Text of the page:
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Abstracts of the ICA
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Articles | Volume 1
Abstr. Int. Cartogr. Assoc., 1, 196, 2019
Abstr. Int. Cartogr. Assoc., 1, 196, 2019

  15 Jul 2019

15 Jul 2019

Grid overlays reduce bias in mental representations of topographic maps

Lars Kuchinke1, Julian Keil2, Dennis Edler2, Anne-Kathrin Bestgen2, and Frank Dickmann2 Lars Kuchinke et al.
  • 1Psychological Methods and Evaluation, IPU Berlin, Germany
  • 2Cartography and Geo-Information Science, RUB Bochum, Germany

Keywords: Topographic Maps, Mental Representations, Spatial Cognition, Grids, Map Complexity, Object Location memory

Abstract. Reading spatial information from topographic maps to form mental representations that guide spatial orientation and navigation is a rather complex cognitive process. Perceptual and knowledge-driven processes interact to support the map reader in building these mental representations. The resulting cognitive maps are not one-to-one mappings of the spatial information and known to be distorted systematically. It is assumed that spatial information is hierarchically organized in these mental models. We are interested in how map design based on cognitive principles supports memory formation and leads to less distorted mental representations.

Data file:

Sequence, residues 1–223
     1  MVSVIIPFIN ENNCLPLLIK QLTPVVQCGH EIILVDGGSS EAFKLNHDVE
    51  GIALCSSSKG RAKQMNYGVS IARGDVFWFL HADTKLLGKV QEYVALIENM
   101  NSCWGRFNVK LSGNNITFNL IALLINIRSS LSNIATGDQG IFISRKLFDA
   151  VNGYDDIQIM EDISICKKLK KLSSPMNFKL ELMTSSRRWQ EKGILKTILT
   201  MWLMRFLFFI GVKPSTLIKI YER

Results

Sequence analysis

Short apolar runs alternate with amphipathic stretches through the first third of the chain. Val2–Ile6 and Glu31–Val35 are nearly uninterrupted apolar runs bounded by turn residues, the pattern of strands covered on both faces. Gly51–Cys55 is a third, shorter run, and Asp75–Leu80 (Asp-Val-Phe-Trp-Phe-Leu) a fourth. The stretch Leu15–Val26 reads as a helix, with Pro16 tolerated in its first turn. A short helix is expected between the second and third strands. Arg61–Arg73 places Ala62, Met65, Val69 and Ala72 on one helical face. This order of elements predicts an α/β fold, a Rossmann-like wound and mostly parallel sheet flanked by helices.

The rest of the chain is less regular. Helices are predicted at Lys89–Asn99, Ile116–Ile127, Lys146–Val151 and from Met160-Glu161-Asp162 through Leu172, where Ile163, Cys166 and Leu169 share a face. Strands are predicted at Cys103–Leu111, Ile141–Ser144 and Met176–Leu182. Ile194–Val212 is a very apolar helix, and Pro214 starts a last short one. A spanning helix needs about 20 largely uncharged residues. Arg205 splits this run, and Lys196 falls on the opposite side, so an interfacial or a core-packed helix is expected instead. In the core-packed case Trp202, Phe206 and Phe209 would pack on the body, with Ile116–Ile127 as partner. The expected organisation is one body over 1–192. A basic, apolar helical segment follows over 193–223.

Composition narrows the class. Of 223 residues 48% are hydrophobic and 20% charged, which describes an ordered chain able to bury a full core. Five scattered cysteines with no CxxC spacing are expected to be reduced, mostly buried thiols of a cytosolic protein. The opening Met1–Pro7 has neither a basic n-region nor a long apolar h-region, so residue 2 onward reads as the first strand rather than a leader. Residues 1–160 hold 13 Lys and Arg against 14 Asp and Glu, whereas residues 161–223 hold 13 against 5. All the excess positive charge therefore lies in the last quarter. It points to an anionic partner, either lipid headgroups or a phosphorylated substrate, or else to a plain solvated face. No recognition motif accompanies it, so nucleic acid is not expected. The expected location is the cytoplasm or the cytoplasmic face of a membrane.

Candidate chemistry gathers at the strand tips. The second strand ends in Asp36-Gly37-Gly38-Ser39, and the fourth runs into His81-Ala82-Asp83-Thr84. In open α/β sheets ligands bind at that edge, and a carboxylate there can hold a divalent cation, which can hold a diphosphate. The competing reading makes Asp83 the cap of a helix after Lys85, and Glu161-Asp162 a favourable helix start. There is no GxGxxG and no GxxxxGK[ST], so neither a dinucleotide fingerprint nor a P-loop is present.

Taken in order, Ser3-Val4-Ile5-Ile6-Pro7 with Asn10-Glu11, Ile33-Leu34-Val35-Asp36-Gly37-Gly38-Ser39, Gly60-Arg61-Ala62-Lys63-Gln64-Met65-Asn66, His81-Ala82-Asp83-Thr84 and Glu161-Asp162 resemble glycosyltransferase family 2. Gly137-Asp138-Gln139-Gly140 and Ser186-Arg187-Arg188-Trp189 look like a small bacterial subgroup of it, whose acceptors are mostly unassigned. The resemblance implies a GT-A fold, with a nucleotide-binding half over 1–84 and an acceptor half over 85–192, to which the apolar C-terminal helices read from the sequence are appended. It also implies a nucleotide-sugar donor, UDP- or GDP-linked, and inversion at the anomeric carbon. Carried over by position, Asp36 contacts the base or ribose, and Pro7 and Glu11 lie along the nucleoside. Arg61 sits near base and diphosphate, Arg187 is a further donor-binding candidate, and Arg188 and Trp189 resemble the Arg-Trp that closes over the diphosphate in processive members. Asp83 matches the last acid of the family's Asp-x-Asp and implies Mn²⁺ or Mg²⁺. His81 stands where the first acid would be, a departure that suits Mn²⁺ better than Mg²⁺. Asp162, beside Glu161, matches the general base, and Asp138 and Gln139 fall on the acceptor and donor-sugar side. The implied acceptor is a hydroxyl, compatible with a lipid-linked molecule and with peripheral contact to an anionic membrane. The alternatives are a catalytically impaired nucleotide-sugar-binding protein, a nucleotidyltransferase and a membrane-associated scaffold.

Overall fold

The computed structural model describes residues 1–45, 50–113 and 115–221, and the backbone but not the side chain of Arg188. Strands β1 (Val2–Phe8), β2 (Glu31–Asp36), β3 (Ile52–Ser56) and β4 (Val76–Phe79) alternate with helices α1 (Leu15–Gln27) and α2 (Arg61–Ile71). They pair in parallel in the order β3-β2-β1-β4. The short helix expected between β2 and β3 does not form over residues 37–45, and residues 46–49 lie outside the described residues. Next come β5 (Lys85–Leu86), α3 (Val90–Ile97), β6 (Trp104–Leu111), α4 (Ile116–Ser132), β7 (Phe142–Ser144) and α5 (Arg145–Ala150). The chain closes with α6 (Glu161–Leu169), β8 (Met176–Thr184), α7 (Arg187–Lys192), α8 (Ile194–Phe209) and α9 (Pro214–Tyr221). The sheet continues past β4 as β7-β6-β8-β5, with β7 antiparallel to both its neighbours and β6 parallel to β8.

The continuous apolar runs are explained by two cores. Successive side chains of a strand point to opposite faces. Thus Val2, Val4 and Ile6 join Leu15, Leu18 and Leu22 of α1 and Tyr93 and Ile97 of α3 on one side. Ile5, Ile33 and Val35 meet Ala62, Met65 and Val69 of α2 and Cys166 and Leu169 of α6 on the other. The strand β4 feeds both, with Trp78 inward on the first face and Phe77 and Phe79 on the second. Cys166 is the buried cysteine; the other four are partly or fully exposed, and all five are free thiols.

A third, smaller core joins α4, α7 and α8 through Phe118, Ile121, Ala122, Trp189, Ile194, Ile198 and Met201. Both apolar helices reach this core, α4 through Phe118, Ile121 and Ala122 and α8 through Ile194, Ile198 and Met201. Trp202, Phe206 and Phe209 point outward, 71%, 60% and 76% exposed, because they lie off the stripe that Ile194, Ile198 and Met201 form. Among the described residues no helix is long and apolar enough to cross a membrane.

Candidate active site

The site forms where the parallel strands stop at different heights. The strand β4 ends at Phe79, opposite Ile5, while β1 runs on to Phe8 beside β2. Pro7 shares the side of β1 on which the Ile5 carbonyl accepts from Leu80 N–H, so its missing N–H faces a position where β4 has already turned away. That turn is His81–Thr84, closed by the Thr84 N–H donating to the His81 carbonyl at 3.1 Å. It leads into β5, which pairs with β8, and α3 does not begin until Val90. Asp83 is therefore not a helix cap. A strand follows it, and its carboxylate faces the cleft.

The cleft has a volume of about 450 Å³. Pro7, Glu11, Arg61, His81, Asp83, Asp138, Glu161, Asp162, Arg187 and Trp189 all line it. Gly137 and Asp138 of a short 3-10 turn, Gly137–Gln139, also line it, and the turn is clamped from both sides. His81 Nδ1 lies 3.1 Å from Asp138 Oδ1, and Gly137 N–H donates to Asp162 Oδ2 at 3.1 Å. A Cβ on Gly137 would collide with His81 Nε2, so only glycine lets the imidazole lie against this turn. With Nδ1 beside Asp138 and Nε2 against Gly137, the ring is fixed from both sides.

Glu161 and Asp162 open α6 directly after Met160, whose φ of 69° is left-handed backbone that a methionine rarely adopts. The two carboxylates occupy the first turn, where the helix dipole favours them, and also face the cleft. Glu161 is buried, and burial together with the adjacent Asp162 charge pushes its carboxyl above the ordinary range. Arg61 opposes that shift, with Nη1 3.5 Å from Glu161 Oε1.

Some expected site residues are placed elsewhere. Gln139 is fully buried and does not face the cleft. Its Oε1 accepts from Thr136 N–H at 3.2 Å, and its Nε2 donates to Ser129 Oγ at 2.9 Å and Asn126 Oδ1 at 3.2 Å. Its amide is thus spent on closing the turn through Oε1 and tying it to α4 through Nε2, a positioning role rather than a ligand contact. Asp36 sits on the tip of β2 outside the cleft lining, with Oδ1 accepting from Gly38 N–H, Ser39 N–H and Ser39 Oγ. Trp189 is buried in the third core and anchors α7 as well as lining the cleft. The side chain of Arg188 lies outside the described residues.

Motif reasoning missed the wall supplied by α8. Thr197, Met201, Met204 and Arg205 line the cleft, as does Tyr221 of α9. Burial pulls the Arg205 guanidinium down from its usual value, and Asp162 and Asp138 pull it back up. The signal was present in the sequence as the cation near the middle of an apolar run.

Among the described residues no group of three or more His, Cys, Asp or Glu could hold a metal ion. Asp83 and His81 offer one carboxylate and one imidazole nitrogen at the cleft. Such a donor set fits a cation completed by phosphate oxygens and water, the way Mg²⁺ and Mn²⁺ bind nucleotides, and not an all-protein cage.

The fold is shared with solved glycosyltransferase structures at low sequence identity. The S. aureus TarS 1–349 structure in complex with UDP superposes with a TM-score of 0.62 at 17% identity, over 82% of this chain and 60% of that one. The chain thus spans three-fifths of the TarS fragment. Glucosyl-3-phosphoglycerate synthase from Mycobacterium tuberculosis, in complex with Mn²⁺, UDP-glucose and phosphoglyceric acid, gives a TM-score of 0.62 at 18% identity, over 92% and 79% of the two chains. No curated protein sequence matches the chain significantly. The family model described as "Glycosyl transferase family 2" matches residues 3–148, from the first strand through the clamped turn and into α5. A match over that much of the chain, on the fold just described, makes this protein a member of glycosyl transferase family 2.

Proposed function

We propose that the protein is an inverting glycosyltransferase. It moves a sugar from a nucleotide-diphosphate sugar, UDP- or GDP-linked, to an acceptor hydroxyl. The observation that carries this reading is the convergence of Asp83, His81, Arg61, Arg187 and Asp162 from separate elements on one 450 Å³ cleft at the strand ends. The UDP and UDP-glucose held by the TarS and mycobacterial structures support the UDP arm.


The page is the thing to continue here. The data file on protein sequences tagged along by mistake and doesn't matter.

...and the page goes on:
Based on the results of empirical studies we are able to show that overlaid grids in these maps address the hierarchical nature of these mental representations of map space. When map users are asked to learn object locations in a map the availability of overlaid grid layers improve object location memory. This effect is independent of the shape of these grid patterns (square grids or hexagonal grids) and, moreover, can be shown to be effective even in situations where the grids are interrupted by other maps layers (i.e. so-called illusory grids).

These results seem best explained by the formation of less distorted mental representations based on the availability of superordinate hierarchical information and the application of Gestalt principles by the map user. Thus again, point to the interaction between perceptual and knowledge-driven processes in the formation of these mental representations of map space. This assumption receives further support by eye-tracking data that reveal that grids do not only attract attention towards their own location but also seem to structure the gaze patterns in relation to the relevant object locations that are not necessarily located close to a grid line.

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